Travelling the world as an independent, solo female traveller is often seen as dangerous, daunting or too risky, but it doesn’t have to be. These expert tips will help you reduce any potential risk and stay safe on the road.
Travelling the world independently is one of the single best things anyone can ever do for themselves. Exploring the endless wonders the world has to offer you is a reward in and of itself, allowing you to see, do and experience things most people will only ever dream of. But it goes far, far deeper than that. The experience of travelling the world independently will absolutely change you for the better. It will make you stronger, more worldly, more self confident, in short it will make you a better person and will empower you like nothing else in the world will.
The problem is that half of the population who are dreaming of setting off on their very own round the world adventure are allowing fear, doubt and insecurity stop them from doing just that. Women all over the world are denying themselves the opportunity to travel the world because they listen to the half truths, scaremongering and paranoid nonsense that is perpetuated by the mass media, society in general and even other women! I mean what happened to that feisty independence? That empowered gender identity? It is obvious that women are far too weak and defenceless to face what the world throws at them. We all know that it is far too dangerous for a woman to dare to backpack around the world on her own, right?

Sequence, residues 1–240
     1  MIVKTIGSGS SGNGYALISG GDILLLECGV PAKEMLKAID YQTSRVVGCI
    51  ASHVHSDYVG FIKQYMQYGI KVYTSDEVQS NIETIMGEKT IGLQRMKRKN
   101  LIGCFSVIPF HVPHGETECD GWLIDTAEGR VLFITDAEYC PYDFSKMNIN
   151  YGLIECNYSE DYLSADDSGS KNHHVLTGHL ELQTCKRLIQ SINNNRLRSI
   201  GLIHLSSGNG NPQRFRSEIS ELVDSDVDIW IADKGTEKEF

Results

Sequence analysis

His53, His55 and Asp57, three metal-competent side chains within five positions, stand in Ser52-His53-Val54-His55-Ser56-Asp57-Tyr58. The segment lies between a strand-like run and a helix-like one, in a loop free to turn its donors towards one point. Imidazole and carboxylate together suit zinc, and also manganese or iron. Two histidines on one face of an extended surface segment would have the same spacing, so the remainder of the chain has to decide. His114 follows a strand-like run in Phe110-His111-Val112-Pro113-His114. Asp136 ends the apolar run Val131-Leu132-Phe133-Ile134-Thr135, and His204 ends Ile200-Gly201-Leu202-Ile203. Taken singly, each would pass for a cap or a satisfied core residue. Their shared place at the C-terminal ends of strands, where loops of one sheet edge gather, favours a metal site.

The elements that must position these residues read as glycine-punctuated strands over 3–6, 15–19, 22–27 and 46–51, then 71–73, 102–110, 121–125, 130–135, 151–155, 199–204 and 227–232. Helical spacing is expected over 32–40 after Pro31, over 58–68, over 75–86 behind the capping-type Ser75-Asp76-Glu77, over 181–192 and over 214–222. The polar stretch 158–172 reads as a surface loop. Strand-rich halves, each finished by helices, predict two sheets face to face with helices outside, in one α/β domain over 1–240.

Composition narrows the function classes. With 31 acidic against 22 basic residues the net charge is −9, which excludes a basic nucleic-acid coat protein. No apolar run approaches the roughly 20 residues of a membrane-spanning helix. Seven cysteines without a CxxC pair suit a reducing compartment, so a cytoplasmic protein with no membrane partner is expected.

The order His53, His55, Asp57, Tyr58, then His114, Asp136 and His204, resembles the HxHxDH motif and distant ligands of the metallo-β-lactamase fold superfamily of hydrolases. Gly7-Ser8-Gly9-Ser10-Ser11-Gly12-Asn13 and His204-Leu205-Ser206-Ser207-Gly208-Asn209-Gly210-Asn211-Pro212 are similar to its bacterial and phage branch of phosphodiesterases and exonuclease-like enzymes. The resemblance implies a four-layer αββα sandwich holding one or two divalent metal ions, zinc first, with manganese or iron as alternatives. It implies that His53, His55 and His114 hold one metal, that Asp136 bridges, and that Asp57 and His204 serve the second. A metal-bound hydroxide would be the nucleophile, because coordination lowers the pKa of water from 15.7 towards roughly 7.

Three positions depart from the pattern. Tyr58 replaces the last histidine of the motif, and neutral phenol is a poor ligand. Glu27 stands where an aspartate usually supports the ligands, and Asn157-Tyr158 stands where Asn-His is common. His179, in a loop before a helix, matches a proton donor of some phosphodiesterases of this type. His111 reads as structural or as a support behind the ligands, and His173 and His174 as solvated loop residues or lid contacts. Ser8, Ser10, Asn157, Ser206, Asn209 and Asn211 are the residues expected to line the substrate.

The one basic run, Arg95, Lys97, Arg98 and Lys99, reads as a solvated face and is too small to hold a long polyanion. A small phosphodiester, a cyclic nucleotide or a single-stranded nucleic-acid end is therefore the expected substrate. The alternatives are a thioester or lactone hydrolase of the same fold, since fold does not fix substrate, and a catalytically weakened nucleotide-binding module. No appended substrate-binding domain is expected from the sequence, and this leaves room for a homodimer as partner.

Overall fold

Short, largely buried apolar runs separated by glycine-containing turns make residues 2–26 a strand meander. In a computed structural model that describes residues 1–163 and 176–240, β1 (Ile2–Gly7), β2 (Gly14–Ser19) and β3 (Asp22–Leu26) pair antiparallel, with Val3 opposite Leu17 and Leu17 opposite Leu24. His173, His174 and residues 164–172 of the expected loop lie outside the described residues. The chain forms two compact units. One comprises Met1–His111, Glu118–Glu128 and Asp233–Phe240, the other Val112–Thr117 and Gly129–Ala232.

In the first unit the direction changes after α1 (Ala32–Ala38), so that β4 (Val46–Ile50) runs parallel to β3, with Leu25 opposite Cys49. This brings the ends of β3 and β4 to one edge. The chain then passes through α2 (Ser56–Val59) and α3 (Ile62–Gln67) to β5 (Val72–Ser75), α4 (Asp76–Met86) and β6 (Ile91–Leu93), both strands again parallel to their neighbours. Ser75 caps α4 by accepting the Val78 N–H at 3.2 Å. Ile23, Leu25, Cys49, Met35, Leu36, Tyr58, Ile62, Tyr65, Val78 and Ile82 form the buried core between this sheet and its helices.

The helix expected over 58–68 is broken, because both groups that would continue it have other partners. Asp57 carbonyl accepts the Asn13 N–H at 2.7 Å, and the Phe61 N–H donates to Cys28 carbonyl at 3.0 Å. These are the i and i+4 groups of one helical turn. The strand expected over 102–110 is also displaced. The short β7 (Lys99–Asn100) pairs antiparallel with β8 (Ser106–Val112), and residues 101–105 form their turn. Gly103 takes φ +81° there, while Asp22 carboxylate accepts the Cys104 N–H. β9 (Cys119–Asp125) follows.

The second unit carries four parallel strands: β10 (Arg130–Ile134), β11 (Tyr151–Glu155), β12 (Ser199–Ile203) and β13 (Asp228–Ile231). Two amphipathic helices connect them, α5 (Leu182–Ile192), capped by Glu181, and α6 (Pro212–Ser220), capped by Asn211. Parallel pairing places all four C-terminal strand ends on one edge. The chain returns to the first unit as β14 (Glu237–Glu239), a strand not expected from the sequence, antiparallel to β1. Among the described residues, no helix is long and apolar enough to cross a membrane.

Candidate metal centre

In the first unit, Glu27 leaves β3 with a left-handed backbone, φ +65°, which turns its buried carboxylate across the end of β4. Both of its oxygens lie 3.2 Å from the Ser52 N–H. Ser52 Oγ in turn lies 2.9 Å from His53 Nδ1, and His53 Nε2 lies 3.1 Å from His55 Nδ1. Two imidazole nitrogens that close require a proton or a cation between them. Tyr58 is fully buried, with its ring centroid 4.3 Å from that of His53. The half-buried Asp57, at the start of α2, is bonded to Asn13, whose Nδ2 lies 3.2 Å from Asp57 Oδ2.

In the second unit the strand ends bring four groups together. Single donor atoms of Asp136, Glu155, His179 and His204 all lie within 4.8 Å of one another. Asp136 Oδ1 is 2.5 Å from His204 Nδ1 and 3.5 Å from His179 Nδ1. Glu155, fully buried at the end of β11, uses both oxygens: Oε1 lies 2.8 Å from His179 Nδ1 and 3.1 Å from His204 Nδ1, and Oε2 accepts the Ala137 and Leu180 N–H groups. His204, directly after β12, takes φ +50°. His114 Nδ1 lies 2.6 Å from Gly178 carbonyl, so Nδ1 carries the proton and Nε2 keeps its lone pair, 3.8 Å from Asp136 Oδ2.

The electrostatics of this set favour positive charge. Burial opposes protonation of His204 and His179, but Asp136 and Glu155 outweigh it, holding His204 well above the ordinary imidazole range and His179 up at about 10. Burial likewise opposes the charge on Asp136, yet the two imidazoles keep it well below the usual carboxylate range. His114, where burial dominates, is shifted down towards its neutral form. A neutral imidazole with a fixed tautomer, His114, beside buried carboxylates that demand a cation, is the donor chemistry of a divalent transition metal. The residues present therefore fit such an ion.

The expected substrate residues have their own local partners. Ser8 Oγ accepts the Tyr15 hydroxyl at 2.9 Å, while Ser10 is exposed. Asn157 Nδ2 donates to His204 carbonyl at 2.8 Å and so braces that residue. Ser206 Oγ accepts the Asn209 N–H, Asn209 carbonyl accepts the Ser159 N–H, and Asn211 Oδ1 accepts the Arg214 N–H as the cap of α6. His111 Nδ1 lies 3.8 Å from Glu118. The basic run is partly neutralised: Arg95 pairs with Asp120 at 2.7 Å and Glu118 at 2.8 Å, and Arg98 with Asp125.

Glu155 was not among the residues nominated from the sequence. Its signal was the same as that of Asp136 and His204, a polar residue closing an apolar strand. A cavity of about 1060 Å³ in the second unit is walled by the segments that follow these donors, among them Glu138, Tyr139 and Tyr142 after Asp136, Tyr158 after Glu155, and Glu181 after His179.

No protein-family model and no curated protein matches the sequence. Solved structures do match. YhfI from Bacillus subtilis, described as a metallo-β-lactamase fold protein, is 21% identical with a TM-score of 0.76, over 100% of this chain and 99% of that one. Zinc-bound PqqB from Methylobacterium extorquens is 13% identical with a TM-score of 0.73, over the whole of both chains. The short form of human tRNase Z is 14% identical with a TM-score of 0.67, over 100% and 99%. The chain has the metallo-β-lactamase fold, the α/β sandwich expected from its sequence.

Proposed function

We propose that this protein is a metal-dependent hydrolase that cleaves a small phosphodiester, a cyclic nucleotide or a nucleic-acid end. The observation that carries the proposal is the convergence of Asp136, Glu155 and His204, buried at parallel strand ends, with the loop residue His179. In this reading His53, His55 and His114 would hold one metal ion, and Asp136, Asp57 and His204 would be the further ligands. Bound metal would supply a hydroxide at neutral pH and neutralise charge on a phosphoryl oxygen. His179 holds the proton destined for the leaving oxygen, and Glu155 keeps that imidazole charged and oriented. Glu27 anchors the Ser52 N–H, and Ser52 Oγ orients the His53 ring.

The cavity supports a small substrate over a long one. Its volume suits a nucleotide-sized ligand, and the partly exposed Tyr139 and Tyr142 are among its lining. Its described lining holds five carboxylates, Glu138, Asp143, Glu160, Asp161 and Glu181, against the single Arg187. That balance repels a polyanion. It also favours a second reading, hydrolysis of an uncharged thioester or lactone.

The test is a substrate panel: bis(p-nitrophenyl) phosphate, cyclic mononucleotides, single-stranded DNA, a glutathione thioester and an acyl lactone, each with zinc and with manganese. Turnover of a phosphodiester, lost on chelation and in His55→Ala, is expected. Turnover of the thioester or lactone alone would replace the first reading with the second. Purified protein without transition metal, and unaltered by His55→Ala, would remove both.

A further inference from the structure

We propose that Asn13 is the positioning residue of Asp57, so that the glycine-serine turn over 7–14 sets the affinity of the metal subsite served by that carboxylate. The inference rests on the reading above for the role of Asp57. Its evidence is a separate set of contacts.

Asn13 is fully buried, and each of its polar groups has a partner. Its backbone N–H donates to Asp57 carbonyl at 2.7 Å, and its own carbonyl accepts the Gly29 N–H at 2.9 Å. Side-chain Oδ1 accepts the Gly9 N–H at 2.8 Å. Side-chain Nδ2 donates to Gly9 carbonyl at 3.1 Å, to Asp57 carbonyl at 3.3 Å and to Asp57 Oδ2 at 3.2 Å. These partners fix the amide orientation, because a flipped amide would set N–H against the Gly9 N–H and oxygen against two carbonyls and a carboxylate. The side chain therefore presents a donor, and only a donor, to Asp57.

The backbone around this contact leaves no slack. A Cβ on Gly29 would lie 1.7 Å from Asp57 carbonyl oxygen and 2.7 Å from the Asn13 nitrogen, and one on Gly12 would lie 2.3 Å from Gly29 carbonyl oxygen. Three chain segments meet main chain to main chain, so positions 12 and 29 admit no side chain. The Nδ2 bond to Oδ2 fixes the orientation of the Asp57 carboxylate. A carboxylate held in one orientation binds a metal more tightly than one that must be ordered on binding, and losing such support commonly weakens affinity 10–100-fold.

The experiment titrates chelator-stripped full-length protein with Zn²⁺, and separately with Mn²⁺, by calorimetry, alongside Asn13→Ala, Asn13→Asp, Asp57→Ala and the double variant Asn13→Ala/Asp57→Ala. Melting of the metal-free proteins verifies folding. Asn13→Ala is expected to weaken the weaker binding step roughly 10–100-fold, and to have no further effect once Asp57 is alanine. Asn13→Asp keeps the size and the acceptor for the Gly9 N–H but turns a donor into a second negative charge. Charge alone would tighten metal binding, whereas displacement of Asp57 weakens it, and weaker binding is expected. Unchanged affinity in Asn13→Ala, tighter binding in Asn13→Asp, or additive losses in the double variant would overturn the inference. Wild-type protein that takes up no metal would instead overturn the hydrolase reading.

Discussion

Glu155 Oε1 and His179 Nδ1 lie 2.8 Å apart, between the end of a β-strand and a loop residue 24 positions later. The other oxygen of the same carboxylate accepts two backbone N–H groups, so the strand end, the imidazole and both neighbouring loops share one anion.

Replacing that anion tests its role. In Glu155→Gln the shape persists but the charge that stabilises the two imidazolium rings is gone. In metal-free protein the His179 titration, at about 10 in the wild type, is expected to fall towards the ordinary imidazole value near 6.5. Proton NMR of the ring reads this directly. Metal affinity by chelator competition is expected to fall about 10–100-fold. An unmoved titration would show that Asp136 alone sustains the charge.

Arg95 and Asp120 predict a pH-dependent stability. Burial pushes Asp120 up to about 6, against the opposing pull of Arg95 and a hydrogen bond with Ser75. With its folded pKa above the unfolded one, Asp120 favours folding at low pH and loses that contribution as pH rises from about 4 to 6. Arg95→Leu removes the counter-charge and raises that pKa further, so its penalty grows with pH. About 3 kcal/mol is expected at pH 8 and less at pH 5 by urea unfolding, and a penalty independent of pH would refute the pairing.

If you listen to all the uninformed doomsayers and the mass media, you could be forgiven for believing that the world is full of muggers, rapists, thieves, terrorists, pirates and murderers just waiting for all you naive, vulnerable, defenceless women to step out into the big scary world. You could also be forgiven for thinking that women are more at risk just by the mere fact of their gender. Given the fear mongering and misinformation out there, it’s a surprise anyone goes anywhere.
Of course there are dangers out there, of course women have practical concerns and of course they should take reasonable safety precautions when travelling, but here’s the big secret …
It is just as safe for a woman to backpack around the world as any man.
Despite what the mass media and your fretting mothers might tell you, thousands of women travel around the world every single day and come back home safe and sound. Bad things do sometimes happen yes, but no more so than they do at home and certainly in very small numbers compared to the incidents of women travelling safely and soundly without any problems. Travelling the world is statistically very safe, and the probability of anything bad happening to you is pretty low.
The trick to keeping yourself safe simply lies in …
Understanding the risks and dangers,
Reducing the risk as much as possible.
That’s it. There is no grand reveal of a big secret here, it really is that simple. You have to know exactly how to understand the dangers and minimize the risk of course, but that is what this article can help you with. There are many ways in which you can do this. Research is one of the biggest weapons in your arsenal, being aware of the dangers and how to avoid them, or knowing how to deal with them if things do go wrong is one of the best things you can do to prepare. To read how to do this in much greater detail, read here.